EP1158156A2 - Fluidic nozzle control system - Google Patents

Fluidic nozzle control system Download PDF

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Publication number
EP1158156A2
EP1158156A2 EP01304570A EP01304570A EP1158156A2 EP 1158156 A2 EP1158156 A2 EP 1158156A2 EP 01304570 A EP01304570 A EP 01304570A EP 01304570 A EP01304570 A EP 01304570A EP 1158156 A2 EP1158156 A2 EP 1158156A2
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EP
European Patent Office
Prior art keywords
nozzle
chamber
inlet
control
air
Prior art date
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Granted
Application number
EP01304570A
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German (de)
French (fr)
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EP1158156B1 (en
EP1158156A3 (en
Inventor
John Michael Koshoffer
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General Electric Co
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General Electric Co
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Priority to US579818 priority Critical
Priority to US09/579,818 priority patent/US6336319B1/en
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Publication of EP1158156A2 publication Critical patent/EP1158156A2/en
Publication of EP1158156A3 publication Critical patent/EP1158156A3/en
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Publication of EP1158156B1 publication Critical patent/EP1158156B1/en
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    • FMECHANICAL ENGINEERING; LIGHTING; HEATING; WEAPONS; BLASTING
    • F02COMBUSTION ENGINES; HOT-GAS OR COMBUSTION-PRODUCT ENGINE PLANTS
    • F02KJET-PROPULSION PLANTS
    • F02K1/00Plants characterised by the form or arrangement of the jet pipe or nozzle; Jet pipes or nozzles peculiar thereto
    • F02K1/002Plants characterised by the form or arrangement of the jet pipe or nozzle; Jet pipes or nozzles peculiar thereto with means to modify the direction of thrust vector
    • FMECHANICAL ENGINEERING; LIGHTING; HEATING; WEAPONS; BLASTING
    • F02COMBUSTION ENGINES; HOT-GAS OR COMBUSTION-PRODUCT ENGINE PLANTS
    • F02KJET-PROPULSION PLANTS
    • F02K1/00Plants characterised by the form or arrangement of the jet pipe or nozzle; Jet pipes or nozzles peculiar thereto
    • F02K1/28Plants characterised by the form or arrangement of the jet pipe or nozzle; Jet pipes or nozzles peculiar thereto using fluid jets to influence the jet flow
    • F02K1/30Plants characterised by the form or arrangement of the jet pipe or nozzle; Jet pipes or nozzles peculiar thereto using fluid jets to influence the jet flow for varying effective area of jet pipe or nozzle
    • FMECHANICAL ENGINEERING; LIGHTING; HEATING; WEAPONS; BLASTING
    • F05INDEXING SCHEMES RELATING TO ENGINES OR PUMPS IN VARIOUS SUBCLASSES OF CLASSES F01-F04
    • F05DINDEXING SCHEME FOR ASPECTS RELATING TO NON-POSITIVE-DISPLACEMENT MACHINES OR ENGINES, GAS-TURBINES OR JET-PROPULSION PLANTS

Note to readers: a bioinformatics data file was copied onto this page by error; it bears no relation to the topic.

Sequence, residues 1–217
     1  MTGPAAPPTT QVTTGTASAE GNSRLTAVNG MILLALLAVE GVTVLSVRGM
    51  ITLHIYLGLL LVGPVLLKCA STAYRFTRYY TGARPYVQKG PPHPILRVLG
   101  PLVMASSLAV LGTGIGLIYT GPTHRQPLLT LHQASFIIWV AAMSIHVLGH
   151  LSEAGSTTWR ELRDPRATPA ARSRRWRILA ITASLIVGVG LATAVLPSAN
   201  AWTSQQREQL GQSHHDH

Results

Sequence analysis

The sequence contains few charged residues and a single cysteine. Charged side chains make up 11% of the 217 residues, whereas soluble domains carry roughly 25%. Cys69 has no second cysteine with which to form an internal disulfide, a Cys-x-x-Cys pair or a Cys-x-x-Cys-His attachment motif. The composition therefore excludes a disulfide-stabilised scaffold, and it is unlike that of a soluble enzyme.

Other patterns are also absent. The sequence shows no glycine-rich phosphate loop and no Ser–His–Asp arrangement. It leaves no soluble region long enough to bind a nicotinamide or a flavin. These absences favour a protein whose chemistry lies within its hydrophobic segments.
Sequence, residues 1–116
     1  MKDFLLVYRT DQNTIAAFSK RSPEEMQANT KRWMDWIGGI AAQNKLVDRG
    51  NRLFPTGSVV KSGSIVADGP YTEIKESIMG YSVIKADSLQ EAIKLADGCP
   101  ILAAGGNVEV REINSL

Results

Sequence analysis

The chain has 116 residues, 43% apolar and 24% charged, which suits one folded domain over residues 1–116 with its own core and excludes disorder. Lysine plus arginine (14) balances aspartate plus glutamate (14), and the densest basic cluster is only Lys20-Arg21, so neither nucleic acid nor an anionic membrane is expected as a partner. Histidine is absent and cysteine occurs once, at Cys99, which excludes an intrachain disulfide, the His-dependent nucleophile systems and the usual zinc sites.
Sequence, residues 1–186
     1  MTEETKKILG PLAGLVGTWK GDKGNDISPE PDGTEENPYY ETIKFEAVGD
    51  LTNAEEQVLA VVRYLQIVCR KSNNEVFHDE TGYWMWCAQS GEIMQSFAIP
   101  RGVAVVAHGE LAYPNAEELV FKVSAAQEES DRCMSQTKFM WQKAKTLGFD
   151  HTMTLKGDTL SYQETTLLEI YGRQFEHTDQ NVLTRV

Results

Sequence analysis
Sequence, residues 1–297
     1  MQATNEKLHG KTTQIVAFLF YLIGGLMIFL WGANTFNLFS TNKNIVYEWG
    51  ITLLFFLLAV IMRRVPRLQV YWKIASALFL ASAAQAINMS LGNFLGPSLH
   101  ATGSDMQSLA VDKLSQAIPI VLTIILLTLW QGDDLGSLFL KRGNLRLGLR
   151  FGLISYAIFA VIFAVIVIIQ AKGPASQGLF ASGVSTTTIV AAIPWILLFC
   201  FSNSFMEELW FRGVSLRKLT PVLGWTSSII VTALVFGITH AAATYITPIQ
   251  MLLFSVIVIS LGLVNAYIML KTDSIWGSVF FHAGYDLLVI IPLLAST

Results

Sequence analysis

• F05D2270/00Control
    • F05D2270/01Purpose of the control system
    • F05D2270/17Purpose of the control system to control boundary layer
    • F05D2270/173Purpose of the control system to control boundary layer by the Coanda effect
    • FMECHANICAL ENGINEERING; LIGHTING; HEATING; WEAPONS; BLASTING
    • F05INDEXING SCHEMES RELATING TO ENGINES OR PUMPS IN VARIOUS SUBCLASSES OF CLASSES F01-F04
    • F05DINDEXING SCHEME FOR ASPECTS RELATING TO NON-POSITIVE-DISPLACEMENT MACHINES OR ENGINES, GAS-TURBINES OR JET-PROPULSION PLANTS
    • F05D2270/00Control
    • F05D2270/01Purpose of the control system
    • F05D2270/18Purpose of the control system using fluidic amplifiers or actuators
    • Y02T50/671

Abstract

A fluidic control system (11) for selectively adjusting flow areas of an aircraft engine thrust nozzle (31) to influence the thrust vector uses outlet passages (17) for fluid jets within the thrust nozzle (31) to change the fluid dynamic configuration of the thrust nozzle (31) to modify as well the value as the direction of thrust.
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Description

  • The present invention relates generally to exhaust systems for aircraft gas turbine engines, and in particular to a control system for selectively adjusting effective flow areas of an aircraft engine exhaust nozzle to change operational characteristics of the nozzle.
  • High performance advanced aircraft must operate over a wide range of flight conditions while maintaining good fuel efficiency and high maneuverability. Typically, these aircraft include an exhaust nozzle for each engine that permits variation in exhaust gas flow area. The nozzle has a convergent duct, a plane of minimum flow area known as a throat, and a divergent duct ending at a nozzle exit. The throat and exit may be varied in size to provide for efficient engine operation at all engine power settings, flight speeds, and altitudes. Some variable-area nozzles provide for controllable deflection of the direction of exhaust gas flow, known as thrust vectoring, to enhance aircraft controllability. Thrust vectoring offers the potential of substantial performance benefits and can permit conventional aerodynamic controls, such as tail surfaces, to be reduced in size or eliminated altogether.